A deep-pocketed coalition is spending big to keep marijuana illegal in Arizona. Drug companies, the Chamber of Commerce, and the alcohol industry, have together poured millions of dollars into the campaign to defeat Proposition 205, a ballot measure that would legalize marijuana for those over 21. And  as opinion polls show a tight race, another industry entered the fray: prison food providers.



Services Group of America, whose subsidiary Food Services of America sells meals to correctional facilities, devoted $80,000 to defeat the measure in late September. The money-flow was first revealed by Tom Angell, the chairman of the pro-legalization nonprofit Marijuana Majority.

Arizona is one of five states  -- including California, Maine, Massachusetts and Nevada -- where  marijuana legalization is on the ballot in November.   With polls in Arizona showing  a particularly tight race,  money is pouring in from groups trying to tip the balance in the homestretch.

The main anti-legalization group, Arizonans for Responsible Drug Policy, has raised nearly $2.7 million — $900,000 in the last three weeks alone. Pro-legalization groups raised more than $3 million — including over $100,000 last week from the company that makes Dr. Bronner’s Magic Soap. 

On both sides of the issue, donors writing checks have business interests at stake. The legalization-side is largely funded by through the Marijuana Policy Project, which takes donations from dispensary owners and marijuana entrepreneurs. The largest donor to the prohibitionists' side is the  drug-maker Insys Therapeutic—which is developing synthetic marijuana product of its own. In addition to a $500,000 donation from Insys Therapeutic, the Chamber of Commerce of commerce spent $498,000,  and Arizona Wine and Spirits Wholesale Association devoted $10,000.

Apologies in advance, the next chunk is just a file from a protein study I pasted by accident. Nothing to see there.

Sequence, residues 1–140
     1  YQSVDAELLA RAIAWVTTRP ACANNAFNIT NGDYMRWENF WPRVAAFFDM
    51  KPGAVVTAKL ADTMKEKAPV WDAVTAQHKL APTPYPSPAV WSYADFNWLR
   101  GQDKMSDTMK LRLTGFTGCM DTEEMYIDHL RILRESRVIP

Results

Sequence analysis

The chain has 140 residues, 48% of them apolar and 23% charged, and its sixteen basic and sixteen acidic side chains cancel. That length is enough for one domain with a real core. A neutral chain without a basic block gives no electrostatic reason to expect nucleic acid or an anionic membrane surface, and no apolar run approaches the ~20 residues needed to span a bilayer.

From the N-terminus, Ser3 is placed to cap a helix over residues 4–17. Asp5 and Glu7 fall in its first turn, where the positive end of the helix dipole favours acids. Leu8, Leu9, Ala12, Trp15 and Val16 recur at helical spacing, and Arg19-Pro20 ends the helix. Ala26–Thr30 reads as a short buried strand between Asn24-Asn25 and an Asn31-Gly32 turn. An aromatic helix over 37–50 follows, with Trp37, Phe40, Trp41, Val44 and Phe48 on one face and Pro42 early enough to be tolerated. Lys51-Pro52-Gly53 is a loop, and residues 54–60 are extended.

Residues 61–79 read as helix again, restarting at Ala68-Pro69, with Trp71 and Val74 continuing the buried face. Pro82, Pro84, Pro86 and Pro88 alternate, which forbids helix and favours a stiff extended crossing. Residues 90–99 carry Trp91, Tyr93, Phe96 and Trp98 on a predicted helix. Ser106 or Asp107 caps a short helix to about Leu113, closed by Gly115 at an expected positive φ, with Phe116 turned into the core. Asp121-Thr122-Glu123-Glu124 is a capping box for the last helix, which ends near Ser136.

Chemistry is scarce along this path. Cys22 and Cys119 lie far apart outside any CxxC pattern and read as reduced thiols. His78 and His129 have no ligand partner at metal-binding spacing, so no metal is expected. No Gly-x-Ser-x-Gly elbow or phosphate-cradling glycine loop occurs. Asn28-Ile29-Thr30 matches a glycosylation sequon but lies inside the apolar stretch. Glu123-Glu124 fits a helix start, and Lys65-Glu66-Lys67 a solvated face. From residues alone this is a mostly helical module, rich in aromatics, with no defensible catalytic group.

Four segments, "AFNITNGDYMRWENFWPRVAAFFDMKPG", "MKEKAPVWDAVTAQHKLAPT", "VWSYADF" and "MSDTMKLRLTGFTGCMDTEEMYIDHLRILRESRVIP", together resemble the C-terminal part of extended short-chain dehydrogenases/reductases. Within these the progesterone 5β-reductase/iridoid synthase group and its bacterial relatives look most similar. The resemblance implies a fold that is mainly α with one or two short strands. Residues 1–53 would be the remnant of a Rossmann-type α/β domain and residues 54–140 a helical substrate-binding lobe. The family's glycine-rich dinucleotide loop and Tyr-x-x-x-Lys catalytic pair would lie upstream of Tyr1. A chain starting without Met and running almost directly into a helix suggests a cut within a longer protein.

Services Group of America’s donation seems to fit into that trend: Around 20 percent of those incarcerated in Arizona are drug offenders. The company, which is privately owned, sells food services to a range of facilities including  schools, hospitals and cruise ships -- it's not clear what portion of its business involves prisons and jails, and how many of those facilities are in Arizona.

In 2013, a jail in Montana that contracted with Food Services of America was at the center of a scandal after local reporters discovered that some days,  inmates were fed only  1,782 calories — far less than the recommended daily intake. 

While pro-legalization groups have outraised their opponents, they spent most of the money collecting signatures to get the initative on the ballot. Over the course of the campaign, anti-marijuana groups  outspent them 6-1, according to an analysis by ABC News Arizona affiliate.

Flush with cash, Arizonans for Responsible Drug Policy has been running TV ads, warning voters that the initiative would hurt the state’s already functioning medical marijuana dispensaries.  The fact-checking website PolitiFact rated the ads “mostly false.”